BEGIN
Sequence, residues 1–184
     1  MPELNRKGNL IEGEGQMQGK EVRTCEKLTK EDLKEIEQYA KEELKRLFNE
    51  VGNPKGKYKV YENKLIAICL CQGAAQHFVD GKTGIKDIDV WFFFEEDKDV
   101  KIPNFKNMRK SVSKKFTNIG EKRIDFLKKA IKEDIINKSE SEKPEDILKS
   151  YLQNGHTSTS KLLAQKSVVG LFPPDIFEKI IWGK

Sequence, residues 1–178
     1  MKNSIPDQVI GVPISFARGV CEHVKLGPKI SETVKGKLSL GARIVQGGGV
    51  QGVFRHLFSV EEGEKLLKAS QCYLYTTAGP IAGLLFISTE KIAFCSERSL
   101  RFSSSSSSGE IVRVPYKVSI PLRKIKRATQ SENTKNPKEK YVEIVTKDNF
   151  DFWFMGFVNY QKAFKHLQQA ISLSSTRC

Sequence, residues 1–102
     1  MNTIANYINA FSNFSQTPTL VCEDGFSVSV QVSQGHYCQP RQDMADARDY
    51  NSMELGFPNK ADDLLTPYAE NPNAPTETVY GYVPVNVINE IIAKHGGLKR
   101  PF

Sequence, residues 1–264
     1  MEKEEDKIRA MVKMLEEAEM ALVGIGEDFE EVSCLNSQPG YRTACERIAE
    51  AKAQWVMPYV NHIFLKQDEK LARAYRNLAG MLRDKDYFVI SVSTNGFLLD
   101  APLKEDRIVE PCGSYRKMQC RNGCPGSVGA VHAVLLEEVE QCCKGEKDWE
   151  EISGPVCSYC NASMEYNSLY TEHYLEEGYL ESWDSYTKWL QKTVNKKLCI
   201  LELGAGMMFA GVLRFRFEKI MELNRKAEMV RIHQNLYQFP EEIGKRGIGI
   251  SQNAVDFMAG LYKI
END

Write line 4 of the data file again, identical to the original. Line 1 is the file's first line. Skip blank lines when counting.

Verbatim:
   101  KIPNFKNMRK SVSKKFTNIG EKRIDFLKKA IKEDIINKSE SEKPEDILKS